What Is It: Considering he's been naked on magazine covers and played concerts while wearing nothing but a sock on his junk, exposure is not something Flea fears. However, his new memoir Acid for the Children is less about the Red Hot Chili Pepper's bassist getting physically naked (although he does that a few times in the book) and more about him getting emotionally naked. Michael Peter Balzary was born in Australia to a strict father and a bohemian mother. When he was four, his parents What Is It: Considering he's been naked on magazine covers and played concerts while wearing nothing but a sock on his junk, exposure is not something Flea fears. However, his new memoir Acid for the Children is less about the Red Hot Chili Pepper's bassist getting physically naked (although he does that a few times in the book) and more about him getting emotionally naked. Michael Peter Balzary was born in Australia to a strict father and a bohemian mother. When he was four, his parents divorced and he moved with his mother and older sister Karyn ("me with a wig") to New York City. There they lived with a jazz artist named Walter who will introduce Michael to the power of music. It will change his life forever. When he sees Walter playing for the first time at a party he proclaims, "If Moses had parted the seas right in front of me, or my dog started speaking the Queen's English, it would not have been this miraculous." It is when the family moves again to LA that Michael "started living the life of a street kid" and serendipitously meets Anthony Kiedis in driver's ed. The book ends before the Chili Peppers become famous, because this book isn't about the life of a rock star. Acid for the Children is about how books, divorce, karate, anger, drugs, love, basketball and most of all music, turned a boy named Michael into a rock star named Flea. Why Is It Good: I'll admit that when I first heard Flea was releasing a memoir, I doubted his writing abilities. It was difficult to believe that the guy who once wore a dick-sock was capable of genuine self-reflection. I was wrong. Flea's prose has a shaggy, earnest charm to it. It reads the way music sounds, with sentences that shimmer and shimmy to their own unique beat. The book moves chronologically and vividly portrays settings and characters, but is less concerned with what happened in a moment, than how that moment felt. "The facts and figures aren't important to me, the colors and shapes that make up my world are; they are who I am, right or wrong." Flea frequently uses those colors and shapes to reveal fascinating insights into his own life. He feels comfortable pushing boundaries since, "No explicit art ever hurt me." He realizes that watching Walter's dysfunction helped to fuel his own since he, "equated creativity with insanity." He even confesses his own doubt in his writing abilities. "I may well be an eleven-fingered oaf slobbering over a typewriter, pounding out a thorny jumble of trash, an uneducated animal who runs on instinct and feeling. But this is my voice." It turns out that Flea's voice is as brilliant as his bass playing. How Can It Help: "Bein famous don't mean shit." This may as well be the book's mission statement. Once again, the book doesn't cover any of his fame and fortune years. Flea is wise and experienced enough to know that no amount of either can fix a broken boy. He's wise enough to know that people contain multitudes ("I'm a wimp who cries too, so be it."). He's wise enough to know that, "Pain was something to be grateful for, not to be pursued, but inordinately valuable." He's honest enough to admit that selfishness prevented him from helping Chili Pepper guitarist Hillel Slovak, who died of a heroin overdose ("Long as I live, I will know I failed."). He's wise enough to know that he's "still evolving" and that, "Everything that is not love is cowardice." He's wise enough to be grateful for having published a book ("Thanks for reading my childhood."). Most of all though, he's generous enough to take all the solace he found in music and pay it forward to the next generation. "To all you kids out there hurting like I hurt, I'm gonna be with you there in the magic place." Whether you're hurting or not, the pages of Acid for the Children truly are a magical place.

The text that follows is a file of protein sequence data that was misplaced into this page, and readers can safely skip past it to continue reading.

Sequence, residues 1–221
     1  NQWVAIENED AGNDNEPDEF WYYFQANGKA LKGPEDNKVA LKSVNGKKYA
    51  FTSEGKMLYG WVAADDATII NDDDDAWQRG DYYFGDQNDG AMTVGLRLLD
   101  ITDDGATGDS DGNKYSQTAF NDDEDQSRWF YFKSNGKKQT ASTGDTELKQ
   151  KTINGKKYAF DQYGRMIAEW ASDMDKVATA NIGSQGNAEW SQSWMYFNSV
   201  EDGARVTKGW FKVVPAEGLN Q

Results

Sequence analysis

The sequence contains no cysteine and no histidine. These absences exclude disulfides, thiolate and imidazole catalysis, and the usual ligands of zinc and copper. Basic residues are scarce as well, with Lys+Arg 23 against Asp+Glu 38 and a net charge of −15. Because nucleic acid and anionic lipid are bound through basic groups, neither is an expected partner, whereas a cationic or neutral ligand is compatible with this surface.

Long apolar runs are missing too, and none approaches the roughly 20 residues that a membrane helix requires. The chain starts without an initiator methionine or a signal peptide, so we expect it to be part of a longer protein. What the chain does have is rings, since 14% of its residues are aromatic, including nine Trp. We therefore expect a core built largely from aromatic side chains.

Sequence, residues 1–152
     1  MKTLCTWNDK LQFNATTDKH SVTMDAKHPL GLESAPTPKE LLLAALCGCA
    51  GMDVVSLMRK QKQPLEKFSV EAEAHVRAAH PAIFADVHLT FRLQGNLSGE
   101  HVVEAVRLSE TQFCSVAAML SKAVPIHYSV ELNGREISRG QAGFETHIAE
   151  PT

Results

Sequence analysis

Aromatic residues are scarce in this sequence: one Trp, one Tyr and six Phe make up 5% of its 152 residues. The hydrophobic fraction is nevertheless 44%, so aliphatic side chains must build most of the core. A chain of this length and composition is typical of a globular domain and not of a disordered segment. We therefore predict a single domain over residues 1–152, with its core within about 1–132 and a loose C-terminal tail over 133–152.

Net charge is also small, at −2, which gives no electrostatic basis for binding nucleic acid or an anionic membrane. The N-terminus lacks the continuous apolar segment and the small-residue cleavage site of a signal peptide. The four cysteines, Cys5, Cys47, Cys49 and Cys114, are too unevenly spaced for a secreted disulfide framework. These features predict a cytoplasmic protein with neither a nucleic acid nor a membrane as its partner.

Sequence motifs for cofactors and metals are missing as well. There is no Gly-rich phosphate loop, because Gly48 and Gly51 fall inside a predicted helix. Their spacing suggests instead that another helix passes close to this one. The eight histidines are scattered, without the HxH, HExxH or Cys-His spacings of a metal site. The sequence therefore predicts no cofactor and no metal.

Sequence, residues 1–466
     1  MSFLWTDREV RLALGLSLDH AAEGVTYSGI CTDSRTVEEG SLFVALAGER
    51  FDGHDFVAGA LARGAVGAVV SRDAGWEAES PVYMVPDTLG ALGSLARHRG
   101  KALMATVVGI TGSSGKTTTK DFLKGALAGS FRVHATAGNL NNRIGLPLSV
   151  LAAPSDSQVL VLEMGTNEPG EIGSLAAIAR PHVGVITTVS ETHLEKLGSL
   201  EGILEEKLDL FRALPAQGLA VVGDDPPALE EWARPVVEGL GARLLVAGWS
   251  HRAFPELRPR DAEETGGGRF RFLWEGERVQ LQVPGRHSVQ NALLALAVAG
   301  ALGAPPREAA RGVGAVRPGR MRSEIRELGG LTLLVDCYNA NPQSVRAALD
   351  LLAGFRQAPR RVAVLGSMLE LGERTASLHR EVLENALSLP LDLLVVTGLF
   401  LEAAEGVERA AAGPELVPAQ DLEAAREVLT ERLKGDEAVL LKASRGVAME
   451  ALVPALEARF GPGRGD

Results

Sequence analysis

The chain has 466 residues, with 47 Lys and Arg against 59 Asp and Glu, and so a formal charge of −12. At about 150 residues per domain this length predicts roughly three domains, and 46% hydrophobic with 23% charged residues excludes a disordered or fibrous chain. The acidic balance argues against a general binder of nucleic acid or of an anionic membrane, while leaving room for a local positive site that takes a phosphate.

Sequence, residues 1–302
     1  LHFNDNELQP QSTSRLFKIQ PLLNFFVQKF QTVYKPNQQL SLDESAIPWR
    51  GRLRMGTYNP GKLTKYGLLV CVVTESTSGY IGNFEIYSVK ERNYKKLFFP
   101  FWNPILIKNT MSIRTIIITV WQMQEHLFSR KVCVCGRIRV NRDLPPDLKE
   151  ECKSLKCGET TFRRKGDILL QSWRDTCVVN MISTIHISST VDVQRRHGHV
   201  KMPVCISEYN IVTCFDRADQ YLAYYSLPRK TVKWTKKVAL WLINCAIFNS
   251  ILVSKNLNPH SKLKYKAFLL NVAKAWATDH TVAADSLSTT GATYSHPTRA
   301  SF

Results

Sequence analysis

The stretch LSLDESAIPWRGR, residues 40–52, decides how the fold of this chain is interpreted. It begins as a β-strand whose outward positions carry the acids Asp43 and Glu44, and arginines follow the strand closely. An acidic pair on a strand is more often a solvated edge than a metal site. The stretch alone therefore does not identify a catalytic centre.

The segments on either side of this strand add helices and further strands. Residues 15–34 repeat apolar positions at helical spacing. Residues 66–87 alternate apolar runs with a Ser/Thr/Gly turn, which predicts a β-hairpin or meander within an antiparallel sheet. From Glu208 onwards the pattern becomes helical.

7. 5 out of 5